Rick Perlstein, an unabashed man of the left, first attracted wide notice seven years ago with the release of Before the Storm: Barry Goldwater and the Unmaking of the American Consensus, his engagingly written and fair-minded study of the rise of the American conservative movement in the 1950’s and 1960’s.
Last month brought the much-awaited publication of the second volume of Perlstein’s projected trilogy on American conservatism. Nixonland (Scribner), as should be obvious from the title, focuses on American politics from the mid-1960’s to the early 1970’s, a time and an era dominated by Richard Nixon.
The Monitor asked Perlstein about the book and his perception of Nixon.
Monitor: Were you more sympathetic to Nixon or less so after writing the book?
Perlstein: Here I have to exercise the intellectual’s classic cop-out and say: both. We all know about Nixon’s reputation for iniquity. I kept finding myself yet more astonished at how bottomless this quality in him truly was. The example I keep coming back to is the revelation by Leonard Garment, in his 1997 memoir Crazy Rhythm, that as early as 1966 Nixon didn’t believe the Vietnam War could be won militarily – even as, for the next seven years, he ruthlessly savaged any political opponent who dared say the same thing, even as 50,000 more American soldiers went to their deaths for this war he thought couldn’t be won.
But on the other hand, there was rarely a week that went by when I didn’t discover some hidden store of nobility in the man – in his courage, coolness under pressure, and especially, his refusal to back down under adversity.
My favorite example is his famous visit [as vice president] to Peru in 1958. He was set upon by a mob chanting calls for his death. What did he do? He waded into the mob, and managed to talk them down! Later on the same trip, the mob wielded stones, and attacked his limousine. Secret Service agents were ready to fire, but Nixon ordered them to holster their weapons, realizing that shots would only make the chaos worse.
As I point out in the book, that’s “the kind of presence of mind for which battlefield commanders win medals.” Not a bad quality for a commander-in-chief – until, that is, that same quality was turned to iniquity, as it so often was.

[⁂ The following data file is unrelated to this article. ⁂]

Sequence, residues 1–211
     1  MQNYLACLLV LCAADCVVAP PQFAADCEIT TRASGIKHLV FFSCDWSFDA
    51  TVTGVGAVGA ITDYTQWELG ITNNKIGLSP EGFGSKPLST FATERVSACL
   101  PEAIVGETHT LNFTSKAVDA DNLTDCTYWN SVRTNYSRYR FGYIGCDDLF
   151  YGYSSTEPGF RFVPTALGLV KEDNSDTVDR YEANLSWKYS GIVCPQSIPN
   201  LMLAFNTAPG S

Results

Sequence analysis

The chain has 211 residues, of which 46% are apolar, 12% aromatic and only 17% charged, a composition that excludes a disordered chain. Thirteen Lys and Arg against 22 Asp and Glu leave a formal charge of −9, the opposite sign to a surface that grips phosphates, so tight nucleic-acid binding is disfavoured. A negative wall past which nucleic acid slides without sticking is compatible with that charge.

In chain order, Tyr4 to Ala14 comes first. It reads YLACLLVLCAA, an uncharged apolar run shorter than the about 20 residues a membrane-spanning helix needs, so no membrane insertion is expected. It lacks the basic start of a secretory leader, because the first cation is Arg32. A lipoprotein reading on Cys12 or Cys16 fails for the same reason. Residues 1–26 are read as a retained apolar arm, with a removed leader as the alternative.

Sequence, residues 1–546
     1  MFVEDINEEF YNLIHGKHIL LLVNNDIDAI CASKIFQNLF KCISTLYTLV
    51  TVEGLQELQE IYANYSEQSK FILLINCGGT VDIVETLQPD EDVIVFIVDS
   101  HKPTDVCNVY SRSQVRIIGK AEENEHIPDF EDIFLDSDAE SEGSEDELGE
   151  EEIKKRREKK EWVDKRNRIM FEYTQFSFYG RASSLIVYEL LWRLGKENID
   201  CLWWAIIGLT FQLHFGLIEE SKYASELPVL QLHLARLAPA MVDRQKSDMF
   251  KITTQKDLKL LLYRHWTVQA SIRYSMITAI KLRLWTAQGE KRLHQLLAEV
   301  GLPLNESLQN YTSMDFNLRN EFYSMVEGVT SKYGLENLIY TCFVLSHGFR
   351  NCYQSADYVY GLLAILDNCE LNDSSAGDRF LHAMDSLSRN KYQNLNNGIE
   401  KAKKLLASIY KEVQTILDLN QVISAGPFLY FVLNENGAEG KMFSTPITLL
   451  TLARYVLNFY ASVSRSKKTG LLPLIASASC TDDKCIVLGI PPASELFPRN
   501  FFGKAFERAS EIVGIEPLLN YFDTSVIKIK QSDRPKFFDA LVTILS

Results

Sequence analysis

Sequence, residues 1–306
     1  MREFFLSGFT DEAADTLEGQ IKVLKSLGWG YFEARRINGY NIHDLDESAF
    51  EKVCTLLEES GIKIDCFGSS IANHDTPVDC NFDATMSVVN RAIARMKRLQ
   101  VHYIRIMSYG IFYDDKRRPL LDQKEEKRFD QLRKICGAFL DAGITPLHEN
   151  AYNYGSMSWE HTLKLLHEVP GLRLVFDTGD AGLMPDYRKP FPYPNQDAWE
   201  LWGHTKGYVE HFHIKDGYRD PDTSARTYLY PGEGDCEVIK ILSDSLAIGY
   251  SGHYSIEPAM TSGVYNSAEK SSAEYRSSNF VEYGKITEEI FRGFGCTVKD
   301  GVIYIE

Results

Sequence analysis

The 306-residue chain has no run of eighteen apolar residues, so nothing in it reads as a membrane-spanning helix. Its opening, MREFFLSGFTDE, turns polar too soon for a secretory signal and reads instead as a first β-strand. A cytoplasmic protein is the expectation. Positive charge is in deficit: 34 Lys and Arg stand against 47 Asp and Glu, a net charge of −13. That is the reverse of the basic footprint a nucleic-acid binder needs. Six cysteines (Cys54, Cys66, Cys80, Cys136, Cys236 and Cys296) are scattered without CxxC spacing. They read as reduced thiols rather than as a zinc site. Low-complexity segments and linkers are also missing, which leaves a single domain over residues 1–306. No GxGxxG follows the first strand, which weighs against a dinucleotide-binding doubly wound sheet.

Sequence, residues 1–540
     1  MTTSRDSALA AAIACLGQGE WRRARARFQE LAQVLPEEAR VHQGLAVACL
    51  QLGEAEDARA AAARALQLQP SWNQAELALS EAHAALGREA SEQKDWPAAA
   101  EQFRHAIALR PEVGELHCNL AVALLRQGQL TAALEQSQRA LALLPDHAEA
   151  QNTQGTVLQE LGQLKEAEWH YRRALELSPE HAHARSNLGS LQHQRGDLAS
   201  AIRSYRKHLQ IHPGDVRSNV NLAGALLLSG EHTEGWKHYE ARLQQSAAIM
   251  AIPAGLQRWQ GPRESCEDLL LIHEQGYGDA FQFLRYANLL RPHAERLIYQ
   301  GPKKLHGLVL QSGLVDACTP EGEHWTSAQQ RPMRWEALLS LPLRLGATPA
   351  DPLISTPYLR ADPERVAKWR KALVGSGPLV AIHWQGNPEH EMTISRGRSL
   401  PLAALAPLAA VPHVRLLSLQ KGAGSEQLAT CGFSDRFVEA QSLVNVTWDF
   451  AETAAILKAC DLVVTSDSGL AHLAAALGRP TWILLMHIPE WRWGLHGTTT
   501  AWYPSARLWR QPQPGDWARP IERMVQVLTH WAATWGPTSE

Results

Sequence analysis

A few reviewers, while praising the book, were surprised that you neglected to look at the growth of conservatism as an intellectual force in the 1960’s.
It wasn’t intentional. The conservative movement, both intellectually and politically, formed the core of my first book. It drops out of the story in Nixonland. That’s because Nixon was such a commanding presence in the Republican Party – much more a classic “great man” than Goldwater ever was – that he sucked the oxygen out of any other contender for its institutional control, whether conservative, liberal, or whatever.
I treat conservative Republicans, in the book, as Nixon did – just another constituency to be managed, neutralized, and bent to his will. They’ll be back, though, in volume III, which will focus on the rise of Ronald Reagan.
What do you make of Nixon’s strong support of Israel – James Rosen in his new biography of Nixon’s attorney general John Mitchell notes that “Nixon may have been the first presidential candidate [in 1968] to call for the U.S. to guarantee Israeli military superiority” – and his appointment of several key Jewish advisers, given what we know of his anti-Semitic feelings?
Nixon’s presidency was driven, of course, by an abiding obsession with foreign policy – by the dream of re-ordering the world into a more stable system of alliances that transcended the simple Cold War categories of good and evil. He was very unsentimental about this; to take one particularly disturbing example, he decided to look the other way in 1971 as Pakistan’s dictator General Yahya Khan perpetrated a genocide in Bangladesh, because Kahn was Nixon’s crucial go-between with China. I’m certain he saw Israel as just another chess piece in this grand geo-strategic game.